Felipe Baloy – Euro Kickers
Harold Cummings – Arabe Unido
Erick Davis – Arabe Unido
Fidel Escobar – San Francisco
Adolfo Machado – Allianza
Michael Amir Murillo – San Francisco
Luis Ovalle – Sporting San Miguelito
Román Torres – Chepo

Édgar Joel Bárcenas – Arabe Unido
Armando Cooper – Arabe Unido
Aníbal Godoy – Chepo
Gabriel Enrique Gómez – Sporting ’89
Valentín Pimentel – Chepo
Alberto Quintero Medina – Chorrillo
José Luis Rodríguez – Chorrillo

Abdiel Arroyo – Arabe Unido
Ismael Díaz – Tauro
Blas Pérez – Panama Viejo
Luis Tejada – Tauro
Gabriel Torres – Chepo


The crux of the Panamanian World Cup squad come from the academy at Liga Panameña de Fútbol club Arabe Unido. Based in the scenic city sea port of Colón on the country’s northern edge, Arabe Unido were founded as recently as 1994 by Arab immigrants, who gave the new sporting association their name.

Arabe Unido were successful pretty much from the word go, winning their first title four years after their inception and fifteen titles in all in the last twenty-four years. The club have forged a reputation for developing talent alongside their knack for winning silverware. 5 of Hernán Darío Gómez’ Panama World Cup squad came through the ranks at El Expreso Azul (The Blue Express).

3 of Gómez’ squad were also schooled by the youth coaches at Chepo FC, though Los Naranjas closed their doors in 2006 due to financial reasons. Founded in 1999, the club had been in existence just 17 years before it folded indefinitely.

The Numbers:

Arabe Unido – 5
Chepo – 3
Chorrillo, Sporting San Miguelito, Tauro – 2

Read More: Getting to know the Panama squad


(Name of player – Name of club that produced them)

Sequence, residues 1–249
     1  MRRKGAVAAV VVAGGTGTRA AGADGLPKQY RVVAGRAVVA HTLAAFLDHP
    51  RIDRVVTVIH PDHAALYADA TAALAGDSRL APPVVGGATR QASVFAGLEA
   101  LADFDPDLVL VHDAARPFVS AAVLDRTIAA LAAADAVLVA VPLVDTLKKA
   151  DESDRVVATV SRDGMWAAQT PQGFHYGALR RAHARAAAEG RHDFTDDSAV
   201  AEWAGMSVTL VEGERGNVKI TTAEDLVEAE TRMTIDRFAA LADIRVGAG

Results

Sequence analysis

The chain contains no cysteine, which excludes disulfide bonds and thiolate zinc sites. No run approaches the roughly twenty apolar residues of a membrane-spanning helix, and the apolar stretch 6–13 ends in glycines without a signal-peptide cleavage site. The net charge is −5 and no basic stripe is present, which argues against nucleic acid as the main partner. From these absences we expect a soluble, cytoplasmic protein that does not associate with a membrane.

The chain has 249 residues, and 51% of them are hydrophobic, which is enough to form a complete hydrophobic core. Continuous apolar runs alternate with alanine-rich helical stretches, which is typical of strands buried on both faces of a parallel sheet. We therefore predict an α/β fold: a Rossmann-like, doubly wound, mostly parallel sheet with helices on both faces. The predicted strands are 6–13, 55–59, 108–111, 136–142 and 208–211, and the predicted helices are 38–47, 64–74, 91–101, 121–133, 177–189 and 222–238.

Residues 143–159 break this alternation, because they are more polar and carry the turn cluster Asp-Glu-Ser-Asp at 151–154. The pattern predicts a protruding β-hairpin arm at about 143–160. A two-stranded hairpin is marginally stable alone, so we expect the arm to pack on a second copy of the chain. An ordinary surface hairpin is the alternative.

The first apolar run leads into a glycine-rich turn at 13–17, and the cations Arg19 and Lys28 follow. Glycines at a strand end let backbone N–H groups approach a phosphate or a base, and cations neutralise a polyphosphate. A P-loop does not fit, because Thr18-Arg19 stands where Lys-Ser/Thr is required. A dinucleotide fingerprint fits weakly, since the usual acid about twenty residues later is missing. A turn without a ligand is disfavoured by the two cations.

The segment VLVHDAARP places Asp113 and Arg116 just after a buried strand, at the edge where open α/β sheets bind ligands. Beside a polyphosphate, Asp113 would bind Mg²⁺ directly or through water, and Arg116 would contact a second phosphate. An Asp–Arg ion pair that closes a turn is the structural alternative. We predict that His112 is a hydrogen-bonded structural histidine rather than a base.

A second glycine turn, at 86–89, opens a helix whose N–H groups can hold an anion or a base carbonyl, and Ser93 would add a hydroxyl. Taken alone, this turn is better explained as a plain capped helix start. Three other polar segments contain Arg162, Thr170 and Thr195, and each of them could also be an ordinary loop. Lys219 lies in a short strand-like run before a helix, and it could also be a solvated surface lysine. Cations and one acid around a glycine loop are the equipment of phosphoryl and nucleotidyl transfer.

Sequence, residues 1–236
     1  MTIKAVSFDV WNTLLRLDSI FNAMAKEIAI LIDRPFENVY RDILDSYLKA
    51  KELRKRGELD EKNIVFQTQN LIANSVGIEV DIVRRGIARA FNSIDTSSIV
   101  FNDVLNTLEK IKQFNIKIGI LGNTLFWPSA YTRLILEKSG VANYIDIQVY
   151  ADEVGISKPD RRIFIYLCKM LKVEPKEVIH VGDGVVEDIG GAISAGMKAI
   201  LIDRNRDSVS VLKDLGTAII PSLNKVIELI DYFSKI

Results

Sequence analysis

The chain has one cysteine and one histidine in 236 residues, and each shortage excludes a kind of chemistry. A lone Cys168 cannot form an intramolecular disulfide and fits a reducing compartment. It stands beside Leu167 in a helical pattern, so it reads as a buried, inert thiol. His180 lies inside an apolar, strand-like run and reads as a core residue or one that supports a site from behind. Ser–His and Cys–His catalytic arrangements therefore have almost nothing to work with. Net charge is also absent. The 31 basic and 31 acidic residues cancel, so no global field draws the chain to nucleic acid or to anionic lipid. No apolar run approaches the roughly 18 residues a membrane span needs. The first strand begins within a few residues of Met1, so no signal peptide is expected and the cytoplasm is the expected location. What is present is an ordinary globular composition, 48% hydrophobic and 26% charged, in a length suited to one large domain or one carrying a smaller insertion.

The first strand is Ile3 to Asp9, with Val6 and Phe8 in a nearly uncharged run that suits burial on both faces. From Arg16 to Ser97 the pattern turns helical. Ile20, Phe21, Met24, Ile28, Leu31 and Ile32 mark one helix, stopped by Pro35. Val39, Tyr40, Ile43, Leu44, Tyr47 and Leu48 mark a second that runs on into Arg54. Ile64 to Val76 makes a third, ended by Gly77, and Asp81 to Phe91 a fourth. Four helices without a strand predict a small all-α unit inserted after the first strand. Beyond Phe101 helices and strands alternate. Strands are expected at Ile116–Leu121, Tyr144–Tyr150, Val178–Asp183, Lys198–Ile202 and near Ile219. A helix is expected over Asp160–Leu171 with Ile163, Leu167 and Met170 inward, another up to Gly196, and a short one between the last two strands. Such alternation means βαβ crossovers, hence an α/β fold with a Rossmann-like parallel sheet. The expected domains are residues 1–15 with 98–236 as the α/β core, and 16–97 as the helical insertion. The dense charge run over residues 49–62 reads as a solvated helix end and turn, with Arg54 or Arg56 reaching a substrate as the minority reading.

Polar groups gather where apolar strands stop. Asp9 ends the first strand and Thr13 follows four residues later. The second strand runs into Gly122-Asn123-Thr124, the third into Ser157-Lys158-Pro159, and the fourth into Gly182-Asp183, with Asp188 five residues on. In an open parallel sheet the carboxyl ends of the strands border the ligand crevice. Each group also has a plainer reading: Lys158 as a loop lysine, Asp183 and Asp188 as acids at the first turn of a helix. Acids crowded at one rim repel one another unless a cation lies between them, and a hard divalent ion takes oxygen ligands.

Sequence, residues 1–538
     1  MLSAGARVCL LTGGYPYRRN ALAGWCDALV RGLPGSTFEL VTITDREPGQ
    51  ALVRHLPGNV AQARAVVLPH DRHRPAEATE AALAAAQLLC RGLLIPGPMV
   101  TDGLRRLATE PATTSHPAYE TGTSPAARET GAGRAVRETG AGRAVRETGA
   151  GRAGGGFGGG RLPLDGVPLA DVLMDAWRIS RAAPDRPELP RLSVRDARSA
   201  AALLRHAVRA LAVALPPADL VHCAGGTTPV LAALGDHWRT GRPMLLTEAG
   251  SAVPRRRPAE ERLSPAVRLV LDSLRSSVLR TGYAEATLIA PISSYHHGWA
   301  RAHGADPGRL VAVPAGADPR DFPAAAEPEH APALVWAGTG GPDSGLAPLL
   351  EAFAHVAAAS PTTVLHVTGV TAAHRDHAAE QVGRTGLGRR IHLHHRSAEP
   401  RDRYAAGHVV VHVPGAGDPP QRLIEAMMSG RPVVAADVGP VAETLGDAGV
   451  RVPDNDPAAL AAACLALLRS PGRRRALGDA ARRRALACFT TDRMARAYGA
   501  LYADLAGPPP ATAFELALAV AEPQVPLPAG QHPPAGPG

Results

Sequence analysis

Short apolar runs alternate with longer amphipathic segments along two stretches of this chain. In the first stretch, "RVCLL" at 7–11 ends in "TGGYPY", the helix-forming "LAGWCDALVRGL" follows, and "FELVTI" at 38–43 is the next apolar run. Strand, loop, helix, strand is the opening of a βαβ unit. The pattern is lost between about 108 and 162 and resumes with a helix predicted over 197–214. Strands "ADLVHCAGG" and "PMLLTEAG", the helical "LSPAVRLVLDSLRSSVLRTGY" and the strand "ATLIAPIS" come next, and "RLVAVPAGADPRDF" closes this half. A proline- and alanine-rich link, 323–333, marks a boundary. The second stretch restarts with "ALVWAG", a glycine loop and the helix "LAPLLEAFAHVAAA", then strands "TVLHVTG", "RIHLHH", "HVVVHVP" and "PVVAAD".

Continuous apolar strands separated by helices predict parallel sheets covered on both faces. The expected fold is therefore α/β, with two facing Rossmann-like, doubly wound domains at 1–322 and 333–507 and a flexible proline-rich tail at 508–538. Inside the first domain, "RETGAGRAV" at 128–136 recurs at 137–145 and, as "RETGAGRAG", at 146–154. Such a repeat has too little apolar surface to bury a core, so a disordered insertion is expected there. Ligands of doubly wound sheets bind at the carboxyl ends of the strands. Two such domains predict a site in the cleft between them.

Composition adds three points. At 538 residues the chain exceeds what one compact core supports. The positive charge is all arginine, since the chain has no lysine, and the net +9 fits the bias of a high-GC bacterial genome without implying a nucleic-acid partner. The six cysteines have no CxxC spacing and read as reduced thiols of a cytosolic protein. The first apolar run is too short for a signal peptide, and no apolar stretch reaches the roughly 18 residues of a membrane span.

Aymen Mathlouthi – Club Africain
Farouk Ben Mustapha – Club Athletique Bizertin
Mouez Hassen – Stade Raphaelois

Hamdi Nagguez – Etoile du Sahel
Dylan Bronn – Cannes
Rami Bedoui – Etoile du Sahel
Yohan Benalouane – FC Tricastin/Saint-Etienne
Syam Ben Youssef – US Traminots Marseille/Bastia
Yassine Meriah – ES Metlaoui
Oussama Haddadi – Club Africain
Ali Maâloul – CS Sfaxien

Ellyes Skhiri – Montpellier
Mohamed Amine Ben Amor – Etoile du Sahel
Ghailene Chaalali – El Tunis
Ferjani Sassi – CS Sfaxien
Ahmed Khalil – JS Kairouan
Saîf-Eddine Khaoui – Tours
Anice Badri – Lille

Fakhreddine Ben Youssef – CS Sfaxien
Naïm Sliti – Marseille
Bassem Srarfi – Club Africain
Wahbi Khazri – JS AJaccio/Bastia
Saber Khalifa – Stade Gabesien


With the strong historical links between the countries, it’s no surprise to see a sizeable French influence on Tunisia’s World Cup squad. No fewer than 9 of the players Nabil Maâloul is taking to Russia were housed at academies in France during the early parts of their respective careers.

The other 14 members of Tunisia’s World Cup squad were versed in the game from inside the country’s borders. Club Africain based in the capital Tunis have 3 former trainees playing in Russia this summer, as do CLP-1 rivals Etoile du Sahel. Both clubs are also represented well in the country’s various under-age teams.

Interestingly, recently crowned Tunisian champions Espérance Sportive de Tunis (who have now won the title for two seasons on the spin and seven in ten seasons in all), have just 1 former youth team player in Tunisia’s World Cup selection. They do have 2 current players in the 23-man roster however – both Ghailene Chaalali and Anice Badri play for the Mkachkha at present.

The Numbers:

Club Africain, Etoile du Sahel – 3
Bastia, CS Sfaxien – 2
Various – 1

Read More: World Cup Group G Analysis: England and Belgium Battle it Out